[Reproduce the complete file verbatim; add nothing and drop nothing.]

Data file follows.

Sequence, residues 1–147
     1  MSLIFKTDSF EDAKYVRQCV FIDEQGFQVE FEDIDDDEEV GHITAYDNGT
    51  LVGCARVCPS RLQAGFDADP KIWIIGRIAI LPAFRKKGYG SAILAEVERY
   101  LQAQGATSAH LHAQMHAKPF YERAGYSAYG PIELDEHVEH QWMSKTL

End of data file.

Sequence, residues 1–147
     1  MSLIFKTDSF EDAKYVRQCV FIDEQGFQVE FEDIDDDEEV GHITAYDNGT
    51  LVGCARVCPS RLQAGFDADP KIWIIGRIAI LPAFRKKGYG SAILAEVERY
   101  LQAQGATSAH LHAQMHAKPF YERAGYSAYG PIELDEHVEH QWMSKTL